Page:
Queer and allied student groups from 36 law schools in India on Thursday described the Bar Council resolution against the Supreme Court hearing petitions seeking legal recognition for same-sex marriages in India as “ignorant and harmful”.

A Constitution bench headed by Chief Justice DY Chandrachud has been hearing arguments in the case since April 18 and the court has made several headline observations during last week’s hearings.

The Narendra Modi government has opposed the petitions arguing that same-sex marriages are not compatible with the Indian idea of family and that the demands for their legal recognition represent “urban elitist views for the purpose of social acceptance”. It has also contended that making laws around marriage is the prerogative of the legislature and, therefore, the judiciary need not intervene.

On April 23, the Bar Council had passed s resolution saying it wanted the Supreme Court to leave the question of same-sex marriage to Parliament. It also said that the vast majority of the population believes that a decision by the Supreme Court in favour of the petitioners would go against India’s cultural and socio-religious structures of the country.

In a statement on Thursday, the student groups from the law schools said that as future members of the Bar, it was “alienating and hurtful” to see their seniors engage in hateful rhetoric.

The students belong to 36 law schools, including National Law University Delhi, Faculty of Law, Delhi University, and Gujarat National Law University.

The resolution of the lawyers’ body, they said, was “antithetical to our Constitution and the spirit of inclusive social life”.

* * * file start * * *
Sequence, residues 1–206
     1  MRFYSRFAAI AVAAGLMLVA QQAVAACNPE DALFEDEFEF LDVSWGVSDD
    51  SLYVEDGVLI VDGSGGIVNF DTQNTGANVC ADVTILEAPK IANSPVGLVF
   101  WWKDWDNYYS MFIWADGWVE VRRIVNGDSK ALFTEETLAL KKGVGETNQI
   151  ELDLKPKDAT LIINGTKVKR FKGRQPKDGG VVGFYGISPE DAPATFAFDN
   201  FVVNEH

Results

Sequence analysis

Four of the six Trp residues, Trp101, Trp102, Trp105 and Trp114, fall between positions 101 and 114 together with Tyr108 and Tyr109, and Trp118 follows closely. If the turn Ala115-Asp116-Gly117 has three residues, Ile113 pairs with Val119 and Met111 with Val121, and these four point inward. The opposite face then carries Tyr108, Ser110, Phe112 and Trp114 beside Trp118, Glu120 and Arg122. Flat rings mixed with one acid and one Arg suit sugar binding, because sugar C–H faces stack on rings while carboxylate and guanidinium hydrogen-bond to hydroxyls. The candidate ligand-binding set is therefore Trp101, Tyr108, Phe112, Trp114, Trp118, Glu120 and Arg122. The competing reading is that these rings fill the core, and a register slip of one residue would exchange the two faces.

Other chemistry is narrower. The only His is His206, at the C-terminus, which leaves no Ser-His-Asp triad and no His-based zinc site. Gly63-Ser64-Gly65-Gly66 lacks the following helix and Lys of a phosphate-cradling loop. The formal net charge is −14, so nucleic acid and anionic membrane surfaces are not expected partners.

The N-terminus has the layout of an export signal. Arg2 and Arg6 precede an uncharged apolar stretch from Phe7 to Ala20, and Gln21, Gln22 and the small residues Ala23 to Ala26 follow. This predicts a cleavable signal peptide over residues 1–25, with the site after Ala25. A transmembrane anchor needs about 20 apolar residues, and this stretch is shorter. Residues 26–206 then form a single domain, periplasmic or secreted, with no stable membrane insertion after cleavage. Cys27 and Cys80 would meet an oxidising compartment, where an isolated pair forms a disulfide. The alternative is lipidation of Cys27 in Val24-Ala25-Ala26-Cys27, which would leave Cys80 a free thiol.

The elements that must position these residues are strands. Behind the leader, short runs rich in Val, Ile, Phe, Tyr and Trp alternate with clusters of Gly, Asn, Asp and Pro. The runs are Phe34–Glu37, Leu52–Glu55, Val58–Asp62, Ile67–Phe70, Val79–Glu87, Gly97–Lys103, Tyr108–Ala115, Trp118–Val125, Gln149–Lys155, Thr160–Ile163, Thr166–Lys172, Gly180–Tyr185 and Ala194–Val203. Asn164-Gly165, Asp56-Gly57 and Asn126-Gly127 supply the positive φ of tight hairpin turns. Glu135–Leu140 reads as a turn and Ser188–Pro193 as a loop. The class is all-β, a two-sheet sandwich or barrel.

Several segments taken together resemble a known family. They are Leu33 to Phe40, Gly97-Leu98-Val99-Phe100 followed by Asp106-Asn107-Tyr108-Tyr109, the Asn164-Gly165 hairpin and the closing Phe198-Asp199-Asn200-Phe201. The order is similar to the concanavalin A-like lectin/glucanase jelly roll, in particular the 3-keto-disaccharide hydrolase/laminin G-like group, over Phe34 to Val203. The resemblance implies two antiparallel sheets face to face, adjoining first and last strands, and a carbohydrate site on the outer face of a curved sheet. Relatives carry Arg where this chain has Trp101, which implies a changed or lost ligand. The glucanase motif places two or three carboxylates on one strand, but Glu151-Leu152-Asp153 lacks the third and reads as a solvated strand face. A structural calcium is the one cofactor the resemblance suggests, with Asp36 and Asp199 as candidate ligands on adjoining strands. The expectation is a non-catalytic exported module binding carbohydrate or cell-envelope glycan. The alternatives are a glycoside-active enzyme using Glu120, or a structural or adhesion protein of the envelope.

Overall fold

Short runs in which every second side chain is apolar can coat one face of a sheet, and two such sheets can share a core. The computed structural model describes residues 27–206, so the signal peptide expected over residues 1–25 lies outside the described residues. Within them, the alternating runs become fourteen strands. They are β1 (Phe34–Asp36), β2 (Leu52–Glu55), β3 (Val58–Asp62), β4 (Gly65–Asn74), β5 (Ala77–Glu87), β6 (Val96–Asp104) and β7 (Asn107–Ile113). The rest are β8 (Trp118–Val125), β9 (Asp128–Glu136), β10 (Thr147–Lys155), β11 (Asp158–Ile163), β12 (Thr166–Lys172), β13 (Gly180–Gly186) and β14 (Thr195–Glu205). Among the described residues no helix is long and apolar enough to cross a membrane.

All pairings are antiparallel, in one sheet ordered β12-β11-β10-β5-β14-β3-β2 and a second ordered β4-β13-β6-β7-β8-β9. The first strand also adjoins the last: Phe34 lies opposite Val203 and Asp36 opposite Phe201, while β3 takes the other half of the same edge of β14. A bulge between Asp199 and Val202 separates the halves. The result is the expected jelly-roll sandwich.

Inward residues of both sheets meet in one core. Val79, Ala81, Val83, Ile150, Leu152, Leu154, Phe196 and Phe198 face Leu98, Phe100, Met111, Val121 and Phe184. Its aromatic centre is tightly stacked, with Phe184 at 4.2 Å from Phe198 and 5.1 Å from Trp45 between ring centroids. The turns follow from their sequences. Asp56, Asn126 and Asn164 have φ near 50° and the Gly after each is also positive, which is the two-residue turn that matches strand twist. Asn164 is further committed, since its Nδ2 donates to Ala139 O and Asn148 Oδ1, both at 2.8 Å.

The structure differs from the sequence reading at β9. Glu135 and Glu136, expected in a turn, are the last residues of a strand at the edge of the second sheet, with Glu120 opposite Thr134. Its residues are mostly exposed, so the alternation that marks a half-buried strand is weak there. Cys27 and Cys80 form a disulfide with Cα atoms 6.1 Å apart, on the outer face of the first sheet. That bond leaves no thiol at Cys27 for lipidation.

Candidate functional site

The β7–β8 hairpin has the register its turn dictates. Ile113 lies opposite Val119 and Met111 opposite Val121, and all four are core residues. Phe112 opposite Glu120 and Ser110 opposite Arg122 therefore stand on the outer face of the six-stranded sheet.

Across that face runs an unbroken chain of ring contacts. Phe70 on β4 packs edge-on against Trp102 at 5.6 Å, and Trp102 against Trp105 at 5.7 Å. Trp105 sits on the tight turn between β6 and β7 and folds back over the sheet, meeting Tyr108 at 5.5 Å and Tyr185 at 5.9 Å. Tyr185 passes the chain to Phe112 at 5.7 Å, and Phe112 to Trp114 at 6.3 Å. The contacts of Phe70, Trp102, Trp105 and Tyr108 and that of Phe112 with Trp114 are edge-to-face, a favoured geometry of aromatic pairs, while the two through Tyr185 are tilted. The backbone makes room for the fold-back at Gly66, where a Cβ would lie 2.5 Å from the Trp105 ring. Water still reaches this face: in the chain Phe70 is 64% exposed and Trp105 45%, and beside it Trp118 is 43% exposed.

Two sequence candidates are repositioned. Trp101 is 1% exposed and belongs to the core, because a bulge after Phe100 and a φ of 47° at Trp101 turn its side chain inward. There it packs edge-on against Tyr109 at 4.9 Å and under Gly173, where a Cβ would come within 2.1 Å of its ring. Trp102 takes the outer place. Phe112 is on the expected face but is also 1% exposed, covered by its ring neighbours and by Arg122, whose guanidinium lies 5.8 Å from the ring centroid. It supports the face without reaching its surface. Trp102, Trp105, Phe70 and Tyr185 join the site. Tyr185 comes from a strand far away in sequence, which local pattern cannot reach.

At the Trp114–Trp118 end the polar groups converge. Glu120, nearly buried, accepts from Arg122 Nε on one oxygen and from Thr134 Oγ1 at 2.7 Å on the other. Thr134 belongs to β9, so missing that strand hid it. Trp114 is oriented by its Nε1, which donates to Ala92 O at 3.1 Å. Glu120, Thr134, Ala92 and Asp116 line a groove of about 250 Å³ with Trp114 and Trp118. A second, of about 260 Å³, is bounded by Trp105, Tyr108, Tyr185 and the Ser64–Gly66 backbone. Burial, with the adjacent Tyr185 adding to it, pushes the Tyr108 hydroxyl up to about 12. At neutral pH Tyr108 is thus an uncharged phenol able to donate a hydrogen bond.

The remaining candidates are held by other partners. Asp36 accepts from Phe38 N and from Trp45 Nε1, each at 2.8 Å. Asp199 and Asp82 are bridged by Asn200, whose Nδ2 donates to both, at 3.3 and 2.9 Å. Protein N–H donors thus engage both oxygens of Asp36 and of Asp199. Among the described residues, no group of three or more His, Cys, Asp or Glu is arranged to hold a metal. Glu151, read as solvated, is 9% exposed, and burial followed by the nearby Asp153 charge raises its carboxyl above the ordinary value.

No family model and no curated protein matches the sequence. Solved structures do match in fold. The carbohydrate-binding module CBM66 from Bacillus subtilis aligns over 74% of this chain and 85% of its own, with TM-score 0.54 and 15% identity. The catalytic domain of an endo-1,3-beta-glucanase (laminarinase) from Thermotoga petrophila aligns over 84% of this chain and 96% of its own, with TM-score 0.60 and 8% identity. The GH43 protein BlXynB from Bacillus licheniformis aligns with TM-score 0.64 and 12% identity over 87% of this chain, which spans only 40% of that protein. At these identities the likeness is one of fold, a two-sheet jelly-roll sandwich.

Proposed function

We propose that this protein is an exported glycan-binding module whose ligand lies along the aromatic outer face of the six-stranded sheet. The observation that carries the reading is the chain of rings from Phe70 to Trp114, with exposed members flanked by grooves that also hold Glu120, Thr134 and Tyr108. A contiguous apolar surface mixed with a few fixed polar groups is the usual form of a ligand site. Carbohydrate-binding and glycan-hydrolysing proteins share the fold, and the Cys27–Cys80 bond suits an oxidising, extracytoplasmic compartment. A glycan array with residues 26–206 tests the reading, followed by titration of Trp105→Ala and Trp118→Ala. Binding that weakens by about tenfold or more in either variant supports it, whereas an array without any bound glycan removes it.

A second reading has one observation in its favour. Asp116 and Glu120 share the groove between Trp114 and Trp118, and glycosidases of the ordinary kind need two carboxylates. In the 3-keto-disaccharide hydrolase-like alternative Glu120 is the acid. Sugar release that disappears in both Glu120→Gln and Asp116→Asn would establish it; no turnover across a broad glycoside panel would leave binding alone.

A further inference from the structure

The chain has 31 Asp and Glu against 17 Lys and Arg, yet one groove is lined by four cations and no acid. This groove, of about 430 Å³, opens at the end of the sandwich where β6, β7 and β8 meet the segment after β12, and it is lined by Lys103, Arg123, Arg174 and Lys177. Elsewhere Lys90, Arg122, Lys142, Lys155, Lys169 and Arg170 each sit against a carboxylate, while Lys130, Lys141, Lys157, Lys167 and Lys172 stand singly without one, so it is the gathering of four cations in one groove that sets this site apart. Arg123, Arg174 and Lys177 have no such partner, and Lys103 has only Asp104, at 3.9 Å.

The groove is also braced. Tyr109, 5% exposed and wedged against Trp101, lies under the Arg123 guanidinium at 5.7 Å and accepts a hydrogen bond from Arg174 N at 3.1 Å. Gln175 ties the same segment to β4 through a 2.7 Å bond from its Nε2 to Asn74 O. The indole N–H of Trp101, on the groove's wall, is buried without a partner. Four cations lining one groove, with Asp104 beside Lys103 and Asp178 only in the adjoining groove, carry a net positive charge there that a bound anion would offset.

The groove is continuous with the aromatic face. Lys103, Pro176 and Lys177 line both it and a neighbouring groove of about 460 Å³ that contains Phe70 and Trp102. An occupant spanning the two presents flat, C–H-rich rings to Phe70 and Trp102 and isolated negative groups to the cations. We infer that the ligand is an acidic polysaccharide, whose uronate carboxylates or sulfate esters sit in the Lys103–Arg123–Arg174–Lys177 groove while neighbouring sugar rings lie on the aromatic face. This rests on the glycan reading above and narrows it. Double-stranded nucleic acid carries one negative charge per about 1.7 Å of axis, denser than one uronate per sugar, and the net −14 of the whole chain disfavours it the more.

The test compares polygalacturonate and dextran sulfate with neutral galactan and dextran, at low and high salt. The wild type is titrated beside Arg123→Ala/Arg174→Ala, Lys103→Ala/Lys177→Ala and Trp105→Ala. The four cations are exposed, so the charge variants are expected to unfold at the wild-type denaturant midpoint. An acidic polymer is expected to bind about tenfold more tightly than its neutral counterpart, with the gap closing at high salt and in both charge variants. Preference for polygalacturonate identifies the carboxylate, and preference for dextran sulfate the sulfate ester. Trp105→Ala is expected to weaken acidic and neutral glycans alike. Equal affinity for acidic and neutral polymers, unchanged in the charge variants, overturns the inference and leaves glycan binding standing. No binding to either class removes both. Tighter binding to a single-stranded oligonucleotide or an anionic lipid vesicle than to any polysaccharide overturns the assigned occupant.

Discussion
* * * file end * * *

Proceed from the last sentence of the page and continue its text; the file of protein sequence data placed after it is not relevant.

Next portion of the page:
They pointed out that the Bar Council’s declaration that “more than 99.9% of people of the country’’ are opposed to same-sex unions did not cite any real authority to back up the claim. The Bar Council blatantly concocted statistics to use the worn-out theory that queer persons form a miniscule minority of the population, the statement said.

“Equally ignorant is the BCI’s unsupported assertion that marriage has always been a union between ‘biological’ men and women based on procreation,” the students added. “This is a colonial reading of Indian history, culture, and civilisation – there is diverse evidence of queer love and marriage existing in various forms across Indian cultures since ancient times. The BCI ignores this evidence.”

The student collectives said that the Bar Council is not empowered to pass comments on sub judice matters.

“The passing of this resolution is entirely unwarranted and a deplorable attempt by the BCI to illegitimately create influence for itself,” they said. “The BCI must re-familiarise itself with the role envisioned during its establishment, look at the state of the Indian legal profession, and devote its resources to more pressing challenges – rather than needlessly entering constitutional debates.”

The students also opposed the lawyer’s body characterising petitions seeking marriage equality as a political decision. “This shows their heinous indifference towards the reality of queer and trans persons living as second-class citizens in our country,” the statement read. “Consequently, the BCI completely misses that fundamental rights cannot be made to suffer from the inaction of the legislature.”

The statement urged the legal fraternity to disavow discriminatory, parochial, and regressive beliefs in the pursuit of justice.

“As students of law, we are proud to situate ourselves in history as a group that stood on the side of
justice at this critical juncture,” it added. “To quote the ever-inspiring motto immortalised by Dr BR Ambedkar: Educate, Agitate, Organise!”

Also read:

  1. What route could the Supreme Court use to legalise same-sex marriage?
  2. ‘Want to live and die together’: Meet the people battling for same-sex marriage rights in India